Author: Jennifer L. Armentrout
Publisher: Harlequin Teen
Released: 25th February 2014
Rating: 4 of 5 stars
I'm pretty sure that the initials JLA, together, and the person behind these initials, are synonymous with feels. Because her writing just leaves me with all of them. And yeah, maybe I knew this before, but I think it's worth saying again. Gargoyles and demons - together - are like book dynamite. Or triple chocolate cake. And then JLA has her way with them and BAM. You've got the bookish equivalent of some kind of cake that explodes in your mouth and is just the best thing ever (kind of like the sensation that Cam's cookies leave...). Mind = blown.
Since the gargoyle-demon mix was what drew my attention in the first place, let's start with that. The combination was as epic as promised. I was especially curious about gargoyles - not that I don't love demons, because really. Bad creatures who can also be good who are bad. I get on exceptionally well with demons. But this was the first time I'd entered a world with gargoyles and I was intrigued to see how they would be portrayed. Their role as Wardens - hunters of demons and protectors of mankind - was one I could appreciate, objectively and conceptually speaking, and Armentrout did a very nice job with the world-building in this respect. There is no such thing as standard mythology for her because clearly she knows how to give it her own, fresh twist. Both sides share a complexity that goes beyond the standard good/evil preconceptions. Even with the demons it seemed as though something had been added to it. Learning about hell has never been so interesting.
Layla is our feisty half demon-half gargoyle heroine. One of the consequences of this is having a kiss that takes souls. This is a girl whose insecurities and strengths mesh together to form a thoroughly relatable character. She's not afraid to take action and won't let anyone else get in the way of her doing something. When she's on a mission, she'll see it through to its end. At the same time, she struggles a lot. Sure, she makes mistakes along the way, but I could always see where she was coming from. I think what I most identified with was her struggle to accept and reconcile the two halves of her, to understand where it was exactly that she fitted in her world. What pained me was seeing the interactions she had with certain members of her surrogate family of Wardens, the true level of pressure they placed on her whether they realised it or not, and the constant reminder that she was not one of them. In the end, though, it only made her all the stronger when she went in the face of that by discovering the truth for and of herself, suffering a great deal more as a result, and finding some measure of happiness and belonging amongst all that.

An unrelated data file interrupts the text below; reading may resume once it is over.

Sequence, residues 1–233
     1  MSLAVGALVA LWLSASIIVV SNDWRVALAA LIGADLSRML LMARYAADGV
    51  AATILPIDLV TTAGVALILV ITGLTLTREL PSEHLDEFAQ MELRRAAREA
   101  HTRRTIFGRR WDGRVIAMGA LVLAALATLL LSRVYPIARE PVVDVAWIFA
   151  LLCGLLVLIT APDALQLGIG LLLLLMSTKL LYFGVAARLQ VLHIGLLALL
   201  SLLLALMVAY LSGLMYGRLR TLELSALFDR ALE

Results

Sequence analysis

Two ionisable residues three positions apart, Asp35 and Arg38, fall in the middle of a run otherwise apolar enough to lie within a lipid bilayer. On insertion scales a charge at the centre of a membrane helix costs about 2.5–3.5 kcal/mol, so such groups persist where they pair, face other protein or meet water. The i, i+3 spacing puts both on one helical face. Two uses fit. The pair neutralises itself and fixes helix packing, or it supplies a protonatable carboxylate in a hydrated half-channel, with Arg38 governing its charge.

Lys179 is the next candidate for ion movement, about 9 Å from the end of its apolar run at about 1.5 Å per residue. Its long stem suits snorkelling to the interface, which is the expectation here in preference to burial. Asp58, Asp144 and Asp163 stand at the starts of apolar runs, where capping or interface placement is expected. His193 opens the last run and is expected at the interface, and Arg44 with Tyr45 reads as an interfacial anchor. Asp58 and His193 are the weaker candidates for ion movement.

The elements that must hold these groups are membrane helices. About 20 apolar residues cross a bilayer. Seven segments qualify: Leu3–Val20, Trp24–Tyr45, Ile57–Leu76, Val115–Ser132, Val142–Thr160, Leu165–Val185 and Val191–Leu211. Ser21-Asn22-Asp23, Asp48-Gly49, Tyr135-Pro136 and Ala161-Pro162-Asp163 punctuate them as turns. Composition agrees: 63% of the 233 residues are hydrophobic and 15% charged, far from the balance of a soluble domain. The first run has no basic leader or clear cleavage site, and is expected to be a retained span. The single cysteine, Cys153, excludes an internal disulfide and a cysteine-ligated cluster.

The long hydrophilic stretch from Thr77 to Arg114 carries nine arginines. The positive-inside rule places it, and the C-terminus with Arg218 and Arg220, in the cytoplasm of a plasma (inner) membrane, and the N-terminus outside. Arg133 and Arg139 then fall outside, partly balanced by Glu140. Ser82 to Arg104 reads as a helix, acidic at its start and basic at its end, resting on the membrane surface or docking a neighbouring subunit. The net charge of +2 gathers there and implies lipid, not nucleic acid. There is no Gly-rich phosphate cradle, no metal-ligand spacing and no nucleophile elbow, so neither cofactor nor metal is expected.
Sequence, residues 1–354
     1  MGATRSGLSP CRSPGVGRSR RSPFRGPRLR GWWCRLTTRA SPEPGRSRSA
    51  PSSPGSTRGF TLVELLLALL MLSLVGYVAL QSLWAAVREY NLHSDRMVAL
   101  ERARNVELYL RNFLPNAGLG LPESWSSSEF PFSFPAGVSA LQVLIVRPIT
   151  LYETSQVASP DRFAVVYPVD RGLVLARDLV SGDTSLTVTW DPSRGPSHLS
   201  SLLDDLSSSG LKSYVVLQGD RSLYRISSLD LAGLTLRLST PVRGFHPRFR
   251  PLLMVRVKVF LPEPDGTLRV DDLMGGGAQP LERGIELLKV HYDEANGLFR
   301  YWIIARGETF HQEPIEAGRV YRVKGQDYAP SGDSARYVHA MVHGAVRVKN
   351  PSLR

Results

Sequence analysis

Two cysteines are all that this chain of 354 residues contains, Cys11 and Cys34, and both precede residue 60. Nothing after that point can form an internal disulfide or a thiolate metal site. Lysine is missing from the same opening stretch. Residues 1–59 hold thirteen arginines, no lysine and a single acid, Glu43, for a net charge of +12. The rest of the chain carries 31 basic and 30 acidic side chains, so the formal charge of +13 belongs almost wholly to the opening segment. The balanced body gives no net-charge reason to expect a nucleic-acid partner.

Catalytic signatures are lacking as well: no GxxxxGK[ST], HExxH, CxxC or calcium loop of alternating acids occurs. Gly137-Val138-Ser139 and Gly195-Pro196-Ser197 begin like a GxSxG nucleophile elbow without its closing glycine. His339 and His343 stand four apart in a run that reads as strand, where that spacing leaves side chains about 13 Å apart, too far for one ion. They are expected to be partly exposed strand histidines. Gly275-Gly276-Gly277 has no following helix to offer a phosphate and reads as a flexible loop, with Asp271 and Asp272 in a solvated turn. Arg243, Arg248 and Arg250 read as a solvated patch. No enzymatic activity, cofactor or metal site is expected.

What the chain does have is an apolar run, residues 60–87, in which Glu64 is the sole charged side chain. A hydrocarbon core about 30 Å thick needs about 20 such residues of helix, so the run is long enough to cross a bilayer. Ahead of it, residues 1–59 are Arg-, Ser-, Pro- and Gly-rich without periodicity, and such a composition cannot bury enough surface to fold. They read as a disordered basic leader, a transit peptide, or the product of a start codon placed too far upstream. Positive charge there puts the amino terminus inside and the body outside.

It was at this point that the feels truly started to kick in. By which I mean, Zayne and Roth enter the scene. By which I mean, Roth does. I admit, I liked Zayne. A lot. Possibly even loved him? For all his flaws, he is a genuinely good guy, and I was glad to see at the end some recognition on his part that the world is not the black and white image that has been painted for him. And certainly he was swoonworthy. I could definitely see his appeal, both as a friend and something more, although again, I had concerns. But then...Roth made his grand entrance and oh, dear god. On all fronts I was made to feel for him. Beyond the basic charm and mischief - which still should not be underestimated in his case - is a quiet pain that comes of being borne of hell and also of his own personal history. And then, as if I wasn't already feeling enough, Armentrout writes in an astonishing ending that not only picks up the pace and leaves you wide-eyed, but also leaves you wondering how it is that authors can be so cruel (although thank goodness for the hope that follows after that).
Needless to say, I was left impressed with White Hot Kiss. My experience with this author has been extremely limited in comparison to many, and even within that I've had my ups and downs. But this was a world that very quickly had my attention, with characters I couldn't help but take notice of, distinctive whatever their character traits. Wardens kept company with Alphas, demons with zombies, and I really must take a moment to acknowledge Bambi, the concept of which I loved and as a character - for she is a character in her own right - who strangely I also loved. This was a treat to read - cake, anyone? - and one I shall certainly be coming back to.